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THE ANGEL AND THE CYGNET story
by Richard L. Provencher
7/11/2009 / Family
This story begins with a bright white dot falling through the pale blue sky. It grows and grows as it gets closer to the ground.
Down and down it comes.
Closer, and closer to the ground.
Anyone standing nearby might guess it's a bird. Perhaps an owl. Except, it is now daylight and owls prefer the night.
Could it be a piece of the moon, broken away? But it isn't. Or a flying saucer? No.
It is a very beautiful angel. Just a child. What a surprise. Here? An angel?
Her name is Esther. And she is lost.
She lands on the highest part of a poplar tree. One wing is bent back, stuck between two large branches. If only someone hurried by, she could continue her journey.
"Help me," came out as a cry of pain. It echoed across the valley. Everywhere she looked, trees rose and fell across hilly ridges.
"HEEELLLLP MEEEEE!!" was the answering cry of an echo. It seemed to mock her pain.
At first it appeared no one was around. But there was.
From the pond below, burping sounds rose in the stillness. Froggy mouths gulped in wonder. Who was this stranger in their midst?
This creature was different from anyone they ever saw. It looked like a human with wings. Was it human or bird?
They had watched that tumbling from the sky until tall branches stopped the falling.
"What can we do?" asked the frogs. Their little eyes and noses could barely be seen amongst the lily pads.
"Anything," the angel's voice answered. "Climb up if you can and help me get loose."
"We can't climb trees," croaky voices answered.
A hawk rested on his perch. He had actually thought about giving chase to this strange visitor. Dinner was overdue. Should he help?
The angel twisted high above. One branch broke suddenly and she dropped to a lower resting place.
Nothing broken. Yet.
Esther was on a mission. How did she get so mixed up? she wondered. She had followed her directions carefully. Around the moon to the earth below.
Then, left at Newfoundland and land beside Cobequid Bay. She was supposed to end up in the center of Nova Scotia. Somehow she had missed her landing zone.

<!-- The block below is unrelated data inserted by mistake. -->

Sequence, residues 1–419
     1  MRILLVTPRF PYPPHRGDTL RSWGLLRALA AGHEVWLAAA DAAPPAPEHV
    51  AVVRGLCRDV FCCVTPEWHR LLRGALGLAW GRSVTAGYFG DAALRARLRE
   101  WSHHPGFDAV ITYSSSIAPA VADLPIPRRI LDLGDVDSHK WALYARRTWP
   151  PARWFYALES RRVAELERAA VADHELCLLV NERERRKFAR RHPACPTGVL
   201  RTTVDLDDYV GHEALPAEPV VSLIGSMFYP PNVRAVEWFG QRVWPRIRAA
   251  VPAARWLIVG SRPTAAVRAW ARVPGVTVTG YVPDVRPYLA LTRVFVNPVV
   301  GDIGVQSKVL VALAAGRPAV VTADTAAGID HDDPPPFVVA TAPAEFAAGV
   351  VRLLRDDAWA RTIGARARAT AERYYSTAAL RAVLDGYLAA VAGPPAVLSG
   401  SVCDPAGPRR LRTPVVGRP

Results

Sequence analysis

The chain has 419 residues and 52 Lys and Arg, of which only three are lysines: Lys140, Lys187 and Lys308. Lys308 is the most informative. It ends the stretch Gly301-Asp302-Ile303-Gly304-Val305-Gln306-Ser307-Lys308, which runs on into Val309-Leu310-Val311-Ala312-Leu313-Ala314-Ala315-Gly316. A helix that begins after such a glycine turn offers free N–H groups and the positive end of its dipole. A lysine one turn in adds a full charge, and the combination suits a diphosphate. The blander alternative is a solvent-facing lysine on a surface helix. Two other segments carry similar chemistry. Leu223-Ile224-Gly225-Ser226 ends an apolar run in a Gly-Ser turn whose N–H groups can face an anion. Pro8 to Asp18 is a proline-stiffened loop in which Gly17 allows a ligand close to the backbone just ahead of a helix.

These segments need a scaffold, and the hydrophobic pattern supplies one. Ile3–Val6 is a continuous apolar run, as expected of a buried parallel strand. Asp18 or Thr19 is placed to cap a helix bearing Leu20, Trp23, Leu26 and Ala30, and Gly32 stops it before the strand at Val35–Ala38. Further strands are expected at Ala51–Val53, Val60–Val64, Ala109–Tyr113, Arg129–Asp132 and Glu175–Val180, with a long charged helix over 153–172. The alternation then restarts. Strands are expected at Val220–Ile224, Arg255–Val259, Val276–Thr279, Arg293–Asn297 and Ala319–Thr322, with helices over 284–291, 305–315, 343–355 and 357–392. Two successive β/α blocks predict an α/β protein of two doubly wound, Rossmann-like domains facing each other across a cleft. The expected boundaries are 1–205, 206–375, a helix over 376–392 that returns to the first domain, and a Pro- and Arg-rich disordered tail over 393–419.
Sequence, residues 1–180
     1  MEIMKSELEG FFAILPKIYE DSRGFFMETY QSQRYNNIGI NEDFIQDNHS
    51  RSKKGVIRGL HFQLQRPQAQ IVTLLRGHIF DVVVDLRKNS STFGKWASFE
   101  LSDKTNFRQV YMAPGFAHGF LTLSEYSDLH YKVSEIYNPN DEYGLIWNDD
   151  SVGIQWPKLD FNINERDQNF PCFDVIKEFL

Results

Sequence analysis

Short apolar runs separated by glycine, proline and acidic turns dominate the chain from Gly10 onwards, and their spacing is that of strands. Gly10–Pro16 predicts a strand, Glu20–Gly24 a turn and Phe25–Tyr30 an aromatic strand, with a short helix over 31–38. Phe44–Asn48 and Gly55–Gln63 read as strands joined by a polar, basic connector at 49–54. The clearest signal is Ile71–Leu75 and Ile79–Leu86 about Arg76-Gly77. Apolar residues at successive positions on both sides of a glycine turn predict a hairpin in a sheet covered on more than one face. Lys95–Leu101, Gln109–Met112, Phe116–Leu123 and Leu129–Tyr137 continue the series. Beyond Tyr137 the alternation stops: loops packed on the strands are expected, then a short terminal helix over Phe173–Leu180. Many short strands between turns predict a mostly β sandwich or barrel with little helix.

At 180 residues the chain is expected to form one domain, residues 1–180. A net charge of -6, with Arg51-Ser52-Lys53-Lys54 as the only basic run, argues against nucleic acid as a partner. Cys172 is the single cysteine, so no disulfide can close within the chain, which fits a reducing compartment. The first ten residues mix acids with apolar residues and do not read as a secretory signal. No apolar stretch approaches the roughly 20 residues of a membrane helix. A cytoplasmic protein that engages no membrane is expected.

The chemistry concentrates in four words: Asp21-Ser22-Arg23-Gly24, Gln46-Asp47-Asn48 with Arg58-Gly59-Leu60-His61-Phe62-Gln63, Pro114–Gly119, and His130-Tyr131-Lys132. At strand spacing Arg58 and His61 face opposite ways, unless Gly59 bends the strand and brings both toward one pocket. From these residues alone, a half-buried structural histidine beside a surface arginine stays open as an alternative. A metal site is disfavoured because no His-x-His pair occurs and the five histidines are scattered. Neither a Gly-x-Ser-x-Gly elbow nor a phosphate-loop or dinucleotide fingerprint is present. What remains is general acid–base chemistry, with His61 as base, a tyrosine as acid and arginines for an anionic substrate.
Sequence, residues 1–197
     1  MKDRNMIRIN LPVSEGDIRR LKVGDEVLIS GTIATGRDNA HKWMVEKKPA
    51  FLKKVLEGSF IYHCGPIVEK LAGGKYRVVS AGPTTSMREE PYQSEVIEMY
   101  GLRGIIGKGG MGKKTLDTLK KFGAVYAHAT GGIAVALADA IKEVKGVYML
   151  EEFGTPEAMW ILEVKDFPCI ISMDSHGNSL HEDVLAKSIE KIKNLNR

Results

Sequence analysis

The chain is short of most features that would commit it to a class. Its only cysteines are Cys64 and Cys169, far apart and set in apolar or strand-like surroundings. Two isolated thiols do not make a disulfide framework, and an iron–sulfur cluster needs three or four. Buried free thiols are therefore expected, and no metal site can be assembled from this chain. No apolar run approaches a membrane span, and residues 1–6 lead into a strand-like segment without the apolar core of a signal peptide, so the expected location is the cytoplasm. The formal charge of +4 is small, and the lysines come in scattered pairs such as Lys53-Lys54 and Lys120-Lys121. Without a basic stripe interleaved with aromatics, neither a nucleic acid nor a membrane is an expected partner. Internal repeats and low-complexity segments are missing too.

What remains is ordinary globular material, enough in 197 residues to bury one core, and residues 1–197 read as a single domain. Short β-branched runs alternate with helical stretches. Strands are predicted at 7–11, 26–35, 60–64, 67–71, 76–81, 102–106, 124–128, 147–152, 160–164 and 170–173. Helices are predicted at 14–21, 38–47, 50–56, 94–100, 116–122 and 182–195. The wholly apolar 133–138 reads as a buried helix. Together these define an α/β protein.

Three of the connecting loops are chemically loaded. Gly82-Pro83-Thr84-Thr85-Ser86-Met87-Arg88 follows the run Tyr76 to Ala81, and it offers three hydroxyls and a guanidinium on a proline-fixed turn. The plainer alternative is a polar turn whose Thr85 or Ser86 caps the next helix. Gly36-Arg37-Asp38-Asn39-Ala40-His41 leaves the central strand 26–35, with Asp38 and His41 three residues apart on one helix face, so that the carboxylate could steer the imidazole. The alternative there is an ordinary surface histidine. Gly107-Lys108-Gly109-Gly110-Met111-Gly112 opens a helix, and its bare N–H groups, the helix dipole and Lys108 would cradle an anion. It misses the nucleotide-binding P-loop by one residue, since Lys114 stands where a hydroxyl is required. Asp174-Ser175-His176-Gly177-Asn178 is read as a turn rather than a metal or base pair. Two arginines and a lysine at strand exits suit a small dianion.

"Is there anyone else around," she whispered.
A short distance from the edge of the pond, some mallard ducks waggled through the lily pads. They had been busy feeding on vegetation and insects.
"Quack! Quack!" they called to the stranger. "Are you in trouble?" the oldest one asked.
"Yes, please help me," the angel's voice pleaded.
"Let me try," the youngest duck called out. His feet paddled across the water and launched into space. But the best he could do was get a closer look at the problem.
His wings brushed against several limbs and Esther fell two branches lower.
The commotion startled a bushy red squirrel who scampered around the trunk. He didn't know what else to do. He even hung upside down to get a better view.
A sweet smiling face looked down.
"It's a little child!" bushy red chattered, as he looked up. "With red cheeks. And wings like a bird!"
An eagle high above flew lower to help. But his wings were too wide to get close.
A young cygnet swam into view. He wasn't very big. But he was brave and had a kind heart. He twisted his tiny neck and peered upward through the trembling leaves.
"Are you scared?" His words drifted slowly upwards. "I think I can help you," he added confidently.
"How?" the angel answered back.
"Just let go of the branches."
"Let go?" Esther answered fearfully. "But I'll fall."
"I'll catch you," he said.
"But you're so little. How?"
"Just let go of the branch. And land on my back," he answered.
"Are you sure it will work?" the angel asked.
"Have faith," he said.
And the angel did have faith. After all, she was an angel.
Esther let go of the branch and dropped once again. This time she scooted in a straight line through leaves and branches. It was as if a perfect trail had prepared the way.
Down and down she went. Past the watchful eye of the hawk. Falling from the sight of the eagle.
Even past bushy red.
Esther had a perfect landing right on top of a feathery back. The shock scared a raccoon hanging from a nearby limb. He ran up the tree.
"Thanks and more thanks," were words barely heard above the angel's thumping heart. She flapped her wings slowly, back and forth. Then flew around a little, testing.
Good. Everything was okay.
Her rescuer's eyes grew large at the beautiful sight before him. Now there was a glow around the angel. And she turned bright as the morning sun.
It brought comforting warmth to his young feathers.
"I wish I could be beautiful like you," the cygnet said.
"You will," answered the angel. "One day every creature in the forest will stare at your beauty."
"Oh sure," the cygnet said. "Compared to all those colorful ducks, I sure look ugly."
The angel smiled as she flapped her wings. Her reddish cheeks were full of understanding.
She headed off to her new assignment. But, not before he heard her soft voice call back, "Have faith."
And the little cygnet did grow into one of the most beautiful swans in the forest.
* * *
2009 Richard & Esther Provencher
All Rights Reserved
Richard enjoys writing poems; many of which have been published in Print and Online. He and his wife, Esther are also co-authors of stories and a print novel. They are "born again" Christians and very busy in their church, Abundant Life Victory International, in Bible Hill, Nova Scotia.
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